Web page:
SAN JOSE -- A cook who stabbed an off-duty bouncer to death during a confrontation downtown has been released from jail after prosecutors declared that he was acting in self-defense, a decision sparked by the revelation that the man who died was also armed with a knife.
The 22-year-old San Jose man who works as a cook at a downtown restaurant may have at some point worked with 26-year-old San Jose resident Ryan Viri, who was well known in the downtown bar and restaurant scene.
Assistant District Attorney Marc Buller, who reviewed the case, said security cameras in the area recorded crucial parts of the interaction, and that the cook, who is 5 feet 9 inches tall, was reacting to the sight of an armed and advancing 6-foot-4-inch Viri.
"We're not saying Mr. Viri was going to stab him, but he had a knife," Buller said. "Self-defense says you have to have a reasonable belief of danger, and (the former suspect) thought the man was going to do imminent harm."
The cook was taken into custody shortly after the early Wednesday morning stabbing. By Friday, he had been released from Santa Clara County jail.
According to witnesses and police, Viri was at Johnny V's bar and night club when the cook entered but not before checking his attache of kitchen knives at the door. Johnny Van Wyk, the bar's namesake owner was among several bar occupants who said the cook was acting erratic and upsetting female patrons, which eventually prompted management to tell him to leave.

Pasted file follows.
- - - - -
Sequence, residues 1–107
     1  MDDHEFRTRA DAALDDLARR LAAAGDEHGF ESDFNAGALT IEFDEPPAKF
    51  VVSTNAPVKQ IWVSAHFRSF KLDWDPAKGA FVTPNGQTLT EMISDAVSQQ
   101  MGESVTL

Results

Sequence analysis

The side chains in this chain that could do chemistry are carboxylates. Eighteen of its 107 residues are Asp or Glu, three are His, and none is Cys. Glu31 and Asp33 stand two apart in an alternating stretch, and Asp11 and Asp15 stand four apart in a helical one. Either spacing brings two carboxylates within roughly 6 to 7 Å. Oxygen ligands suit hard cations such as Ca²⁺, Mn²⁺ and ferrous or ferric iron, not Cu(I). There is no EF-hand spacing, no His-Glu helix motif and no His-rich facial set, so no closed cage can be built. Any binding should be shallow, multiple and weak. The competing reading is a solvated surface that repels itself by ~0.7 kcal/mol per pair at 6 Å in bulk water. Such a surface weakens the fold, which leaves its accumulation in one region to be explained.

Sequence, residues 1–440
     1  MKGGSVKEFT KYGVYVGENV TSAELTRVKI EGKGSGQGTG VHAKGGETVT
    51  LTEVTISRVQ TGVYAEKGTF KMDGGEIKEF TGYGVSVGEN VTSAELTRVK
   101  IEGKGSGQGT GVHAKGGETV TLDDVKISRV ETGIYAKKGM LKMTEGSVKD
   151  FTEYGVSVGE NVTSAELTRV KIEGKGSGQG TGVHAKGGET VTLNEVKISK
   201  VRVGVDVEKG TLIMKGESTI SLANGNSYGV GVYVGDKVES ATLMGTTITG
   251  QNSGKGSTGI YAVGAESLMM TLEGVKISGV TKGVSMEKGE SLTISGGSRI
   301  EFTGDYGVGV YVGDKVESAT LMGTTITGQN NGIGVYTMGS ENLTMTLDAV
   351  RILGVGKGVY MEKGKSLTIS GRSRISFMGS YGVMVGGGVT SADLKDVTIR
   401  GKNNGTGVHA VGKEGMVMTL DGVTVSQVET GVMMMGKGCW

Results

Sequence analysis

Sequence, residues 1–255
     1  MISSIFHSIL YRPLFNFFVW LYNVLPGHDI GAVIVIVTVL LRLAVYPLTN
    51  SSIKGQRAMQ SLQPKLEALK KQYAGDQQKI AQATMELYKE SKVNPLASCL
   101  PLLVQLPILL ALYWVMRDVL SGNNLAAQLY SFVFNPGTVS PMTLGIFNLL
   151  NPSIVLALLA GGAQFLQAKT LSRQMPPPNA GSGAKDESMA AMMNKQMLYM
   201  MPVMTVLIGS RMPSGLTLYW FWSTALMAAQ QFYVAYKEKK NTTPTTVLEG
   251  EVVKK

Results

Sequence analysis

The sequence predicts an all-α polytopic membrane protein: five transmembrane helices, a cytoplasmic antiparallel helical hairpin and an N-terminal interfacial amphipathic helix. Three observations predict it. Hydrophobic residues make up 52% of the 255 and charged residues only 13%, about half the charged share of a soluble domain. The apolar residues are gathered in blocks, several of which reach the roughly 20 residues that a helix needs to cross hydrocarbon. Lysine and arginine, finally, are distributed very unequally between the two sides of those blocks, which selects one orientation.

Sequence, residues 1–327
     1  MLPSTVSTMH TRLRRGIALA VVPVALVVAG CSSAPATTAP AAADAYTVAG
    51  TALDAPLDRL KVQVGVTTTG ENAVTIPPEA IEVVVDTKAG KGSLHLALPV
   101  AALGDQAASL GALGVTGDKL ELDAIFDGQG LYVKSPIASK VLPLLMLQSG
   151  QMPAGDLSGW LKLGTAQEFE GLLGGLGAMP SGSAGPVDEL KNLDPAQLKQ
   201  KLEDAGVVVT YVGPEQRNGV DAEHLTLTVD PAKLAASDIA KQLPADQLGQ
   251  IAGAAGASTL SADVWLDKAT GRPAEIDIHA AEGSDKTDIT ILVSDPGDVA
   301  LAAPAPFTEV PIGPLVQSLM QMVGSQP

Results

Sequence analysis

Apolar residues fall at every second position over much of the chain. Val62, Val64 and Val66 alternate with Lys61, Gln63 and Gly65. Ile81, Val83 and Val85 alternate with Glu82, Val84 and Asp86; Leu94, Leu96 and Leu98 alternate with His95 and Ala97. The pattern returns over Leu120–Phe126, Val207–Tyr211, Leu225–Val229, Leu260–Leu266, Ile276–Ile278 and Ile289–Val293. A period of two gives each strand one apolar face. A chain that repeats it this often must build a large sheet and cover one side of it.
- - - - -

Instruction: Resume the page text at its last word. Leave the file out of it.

The cook complied, got his knives back and started walking west on the north side of Santa Clara Street toward First Street. That's when Viri left the bar and walked quickly after the man who just left, according to witnesses.
A brief fight broke out, and within seconds, Viri was on the ground with a slash wound to his neck. Bar staff and patrons caught up the scene and tried to render aid to Viri, while other witnesses pointed police toward the cook, who ran off toward the SAP Center. He was quickly caught and arrested.
In the following days, Van Wyk and others who knew Viri said they still couldn't explain why he left the bar. But he said the new details do nothing to alleviate their loss.
"At the end of the day, no matter how it happened, we lost an employee, a friend, a beloved member of our family," he said. "We're all still heartbroken."
Van Wyk, who has been a presence downtown for two decades, said he also laments that the death added to what he called an undue stigma of danger on the downtown district, and that he is disappointed in the police response.
Police responded to the stabbing within seconds, but Van Wyk said a quicker response to the 911 call made as the cook was being ejected from his bar could have prevented the tragedy.
"I get that they're short-staffed, I get the budget cuts. But if a (police) cruiser rolled by earlier, this might not have happened," Van Wyk said. "I'm totally behind San Jose police, but this has got to get fixed. It's not the right direction for downtown San Jose."
Contact Robert Salonga at 408-920-5002. Follow him at Twitter.com/robertsalonga.